With all of this said, the Court is aware that there is at least one exception to the otherwise strong presumption that a federal defense does not confer federal-question jurisdiction over a putative state-law claim: "a state claim may be removed to federal court... when a federal statute wholly displaces the state-law cause of action through complete pre-emption. " Beneficial Nat. Bank v. Anderson , 539 U.S. 1, 8 (2003) (emphases added). The standard for determining whether there is "complete pre-emption" requiring removal is when "the federal statute at issue provide[s] the exclusive cause of action for the claim asserted and also set[s] forth procedures and remedies governing that cause of action." Id . In Beneficial Nat. Bank, the Supreme Court analyzed the specific provisions of the NBA governing usury and found that they provided such specific and exclusive procedures for determining and remedying usury that there is, in effect, "no such thing as a state-law claim of usury against a national bank." 539 U.S. at 11. Hence, removal was proper. BANA does not even cite Beneficial Nat. Bank, much less meet its burden of establishing that this action falls within its ambit.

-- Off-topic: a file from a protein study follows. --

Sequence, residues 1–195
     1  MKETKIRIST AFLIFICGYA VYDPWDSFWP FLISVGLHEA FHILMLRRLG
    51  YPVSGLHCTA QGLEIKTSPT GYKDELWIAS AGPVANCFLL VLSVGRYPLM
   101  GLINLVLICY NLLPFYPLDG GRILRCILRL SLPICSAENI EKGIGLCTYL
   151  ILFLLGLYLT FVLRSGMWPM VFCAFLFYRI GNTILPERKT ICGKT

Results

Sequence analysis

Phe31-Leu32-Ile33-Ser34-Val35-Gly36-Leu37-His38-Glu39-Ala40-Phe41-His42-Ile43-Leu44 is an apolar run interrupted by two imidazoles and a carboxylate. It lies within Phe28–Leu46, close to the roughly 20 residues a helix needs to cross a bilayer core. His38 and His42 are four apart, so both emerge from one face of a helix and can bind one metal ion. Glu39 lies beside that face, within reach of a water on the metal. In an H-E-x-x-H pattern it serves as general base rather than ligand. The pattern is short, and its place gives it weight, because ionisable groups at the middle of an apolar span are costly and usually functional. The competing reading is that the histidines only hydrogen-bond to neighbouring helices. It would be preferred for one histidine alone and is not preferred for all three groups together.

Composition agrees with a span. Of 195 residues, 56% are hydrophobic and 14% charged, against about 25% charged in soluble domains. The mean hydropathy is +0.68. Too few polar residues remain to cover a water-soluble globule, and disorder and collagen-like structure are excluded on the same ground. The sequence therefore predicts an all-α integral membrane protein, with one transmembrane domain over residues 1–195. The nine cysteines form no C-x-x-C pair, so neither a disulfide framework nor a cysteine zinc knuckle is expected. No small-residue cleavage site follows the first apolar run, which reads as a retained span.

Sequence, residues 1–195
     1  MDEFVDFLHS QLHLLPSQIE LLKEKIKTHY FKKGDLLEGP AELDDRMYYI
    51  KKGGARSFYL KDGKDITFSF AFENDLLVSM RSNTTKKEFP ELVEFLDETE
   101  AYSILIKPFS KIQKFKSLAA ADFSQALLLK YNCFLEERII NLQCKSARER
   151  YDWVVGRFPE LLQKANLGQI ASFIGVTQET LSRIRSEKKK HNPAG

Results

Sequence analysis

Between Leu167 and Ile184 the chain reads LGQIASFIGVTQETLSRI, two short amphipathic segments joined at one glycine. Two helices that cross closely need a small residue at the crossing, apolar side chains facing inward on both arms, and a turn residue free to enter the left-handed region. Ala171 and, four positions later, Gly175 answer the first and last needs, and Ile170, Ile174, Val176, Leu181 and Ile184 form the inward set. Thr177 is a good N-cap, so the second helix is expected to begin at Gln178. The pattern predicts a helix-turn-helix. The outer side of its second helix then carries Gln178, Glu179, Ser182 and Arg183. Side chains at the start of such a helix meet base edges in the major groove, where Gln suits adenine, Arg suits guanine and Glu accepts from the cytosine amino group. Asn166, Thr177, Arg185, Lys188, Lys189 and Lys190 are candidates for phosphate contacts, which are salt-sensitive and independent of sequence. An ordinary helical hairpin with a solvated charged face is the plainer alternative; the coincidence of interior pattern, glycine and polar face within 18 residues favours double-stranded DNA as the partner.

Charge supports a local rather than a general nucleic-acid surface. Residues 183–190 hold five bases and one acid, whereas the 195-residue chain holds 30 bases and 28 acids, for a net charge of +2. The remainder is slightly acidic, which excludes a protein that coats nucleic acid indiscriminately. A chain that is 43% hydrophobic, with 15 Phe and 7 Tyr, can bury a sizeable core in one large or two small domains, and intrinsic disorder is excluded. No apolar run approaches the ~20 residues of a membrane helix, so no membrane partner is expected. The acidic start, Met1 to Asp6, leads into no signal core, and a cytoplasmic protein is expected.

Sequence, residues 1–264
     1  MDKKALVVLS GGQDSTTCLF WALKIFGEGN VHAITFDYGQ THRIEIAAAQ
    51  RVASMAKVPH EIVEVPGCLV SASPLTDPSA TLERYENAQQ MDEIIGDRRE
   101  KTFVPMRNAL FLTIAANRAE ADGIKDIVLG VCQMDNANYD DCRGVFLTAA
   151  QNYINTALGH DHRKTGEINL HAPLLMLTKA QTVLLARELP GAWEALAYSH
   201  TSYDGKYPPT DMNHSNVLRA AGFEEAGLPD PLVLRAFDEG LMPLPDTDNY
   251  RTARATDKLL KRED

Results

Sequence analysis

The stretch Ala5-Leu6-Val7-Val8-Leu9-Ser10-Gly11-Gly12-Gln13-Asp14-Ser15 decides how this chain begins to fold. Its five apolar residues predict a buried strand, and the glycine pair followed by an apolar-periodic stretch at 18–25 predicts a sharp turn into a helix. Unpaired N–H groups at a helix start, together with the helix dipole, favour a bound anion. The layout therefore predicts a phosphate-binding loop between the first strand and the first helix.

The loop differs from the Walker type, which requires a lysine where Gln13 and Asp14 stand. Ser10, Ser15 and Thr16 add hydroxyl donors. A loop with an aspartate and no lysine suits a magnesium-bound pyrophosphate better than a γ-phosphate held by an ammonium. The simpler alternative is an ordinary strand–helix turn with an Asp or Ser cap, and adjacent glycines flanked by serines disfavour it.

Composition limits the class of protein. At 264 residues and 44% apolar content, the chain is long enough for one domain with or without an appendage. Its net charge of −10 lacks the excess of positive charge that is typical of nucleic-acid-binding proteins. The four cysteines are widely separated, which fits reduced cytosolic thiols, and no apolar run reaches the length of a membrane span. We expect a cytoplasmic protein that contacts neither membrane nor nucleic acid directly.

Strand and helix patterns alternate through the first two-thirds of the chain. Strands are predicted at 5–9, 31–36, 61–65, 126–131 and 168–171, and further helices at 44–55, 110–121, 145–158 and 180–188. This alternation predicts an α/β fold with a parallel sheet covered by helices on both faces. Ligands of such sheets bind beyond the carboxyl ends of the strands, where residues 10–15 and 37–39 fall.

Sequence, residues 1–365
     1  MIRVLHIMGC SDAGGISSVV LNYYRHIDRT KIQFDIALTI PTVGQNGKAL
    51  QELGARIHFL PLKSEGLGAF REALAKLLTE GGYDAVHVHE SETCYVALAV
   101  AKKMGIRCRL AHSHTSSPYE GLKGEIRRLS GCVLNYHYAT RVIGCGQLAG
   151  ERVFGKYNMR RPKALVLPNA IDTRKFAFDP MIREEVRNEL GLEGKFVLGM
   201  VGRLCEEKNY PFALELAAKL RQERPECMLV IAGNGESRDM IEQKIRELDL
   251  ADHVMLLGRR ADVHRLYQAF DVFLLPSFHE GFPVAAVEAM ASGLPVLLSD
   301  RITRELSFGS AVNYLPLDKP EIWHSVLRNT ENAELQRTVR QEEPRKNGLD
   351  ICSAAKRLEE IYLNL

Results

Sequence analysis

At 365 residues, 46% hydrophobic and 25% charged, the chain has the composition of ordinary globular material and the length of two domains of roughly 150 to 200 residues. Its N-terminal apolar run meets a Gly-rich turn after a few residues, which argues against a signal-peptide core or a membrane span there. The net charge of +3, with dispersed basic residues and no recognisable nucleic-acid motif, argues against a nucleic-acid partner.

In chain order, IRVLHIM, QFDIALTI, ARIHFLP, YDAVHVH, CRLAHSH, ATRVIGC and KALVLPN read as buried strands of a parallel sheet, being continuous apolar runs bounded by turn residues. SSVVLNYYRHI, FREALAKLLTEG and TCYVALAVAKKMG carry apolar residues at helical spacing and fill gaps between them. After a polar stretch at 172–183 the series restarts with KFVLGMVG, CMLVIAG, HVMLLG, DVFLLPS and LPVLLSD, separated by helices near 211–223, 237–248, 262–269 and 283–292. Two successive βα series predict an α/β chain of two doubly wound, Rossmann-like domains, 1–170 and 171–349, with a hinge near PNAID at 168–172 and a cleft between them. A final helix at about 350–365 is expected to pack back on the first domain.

Citing Watters v. Wachovia Bank, N.A., BANA argues that the Supreme Court "ha[s] interpret[ed] grants of both enumerated and incidental powers' to national banks as grants of authority not normally limited by, but rather ordinarily pre-empting, contrary state law." 550 U.S. 1, 12 (2007) (quoting Barnett Bank of Marion Cty., N.A. v. Nelson , 517 U.S. 25, 32 (1996)). But the very next sentence of Watters makes clear that even this broad preemption is subject to exceptions that depend upon the particular nature of the state law and the NBA provision at issue: "[s]tates are permitted to regulate the activities of national banks where doing so does not prevent or significantly interfere with the national bank's or the national bank regulator's exercise of its powers." 550 U.S. at 12.